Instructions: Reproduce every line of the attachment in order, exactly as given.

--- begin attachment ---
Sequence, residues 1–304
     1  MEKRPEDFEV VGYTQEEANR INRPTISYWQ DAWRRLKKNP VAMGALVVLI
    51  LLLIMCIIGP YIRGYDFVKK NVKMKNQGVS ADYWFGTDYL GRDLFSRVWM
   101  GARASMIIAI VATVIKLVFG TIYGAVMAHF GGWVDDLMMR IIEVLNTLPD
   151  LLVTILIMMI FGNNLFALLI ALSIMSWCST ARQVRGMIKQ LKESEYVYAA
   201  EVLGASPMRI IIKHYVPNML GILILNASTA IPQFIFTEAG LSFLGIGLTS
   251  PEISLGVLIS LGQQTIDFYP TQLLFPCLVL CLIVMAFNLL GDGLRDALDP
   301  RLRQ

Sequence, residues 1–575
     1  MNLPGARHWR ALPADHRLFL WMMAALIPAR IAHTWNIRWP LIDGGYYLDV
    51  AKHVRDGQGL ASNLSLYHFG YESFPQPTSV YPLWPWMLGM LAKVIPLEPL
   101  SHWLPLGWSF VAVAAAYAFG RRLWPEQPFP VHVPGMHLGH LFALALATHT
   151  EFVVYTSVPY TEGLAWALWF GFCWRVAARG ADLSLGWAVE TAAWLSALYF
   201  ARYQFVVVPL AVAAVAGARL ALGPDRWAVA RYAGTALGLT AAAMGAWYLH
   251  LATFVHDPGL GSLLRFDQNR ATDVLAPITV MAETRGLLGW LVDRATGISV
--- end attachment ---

Sequence, residues 1–304
     1  MEKRPEDFEV VGYTQEEANR INRPTISYWQ DAWRRLKKNP VAMGALVVLI
    51  LLLIMCIIGP YIRGYDFVKK NVKMKNQGVS ADYWFGTDYL GRDLFSRVWM
   101  GARASMIIAI VATVIKLVFG TIYGAVMAHF GGWVDDLMMR IIEVLNTLPD
   151  LLVTILIMMI FGNNLFALLI ALSIMSWCST ARQVRGMIKQ LKESEYVYAA
   201  EVLGASPMRI IIKHYVPNML GILILNASTA IPQFIFTEAG LSFLGIGLTS
   251  PEISLGVLIS LGQQTIDFYP TQLLFPCLVL CLIVMAFNLL GDGLRDALDP
   301  RLRQ

Sequence, residues 1–575
     1  MNLPGARHWR ALPADHRLFL WMMAALIPAR IAHTWNIRWP LIDGGYYLDV
    51  AKHVRDGQGL ASNLSLYHFG YESFPQPTSV YPLWPWMLGM LAKVIPLEPL
   101  SHWLPLGWSF VAVAAAYAFG RRLWPEQPFP VHVPGMHLGH LFALALATHT
   151  EFVVYTSVPY TEGLAWALWF GFCWRVAARG ADLSLGWAVE TAAWLSALYF
   201  ARYQFVVVPL AVAAVAGARL ALGPDRWAVA RYAGTALGLT AAAMGAWYLH
   251  LATFVHDPGL GSLLRFDQNR ATDVLAPITV MAETRGLLGW LVDRATGISV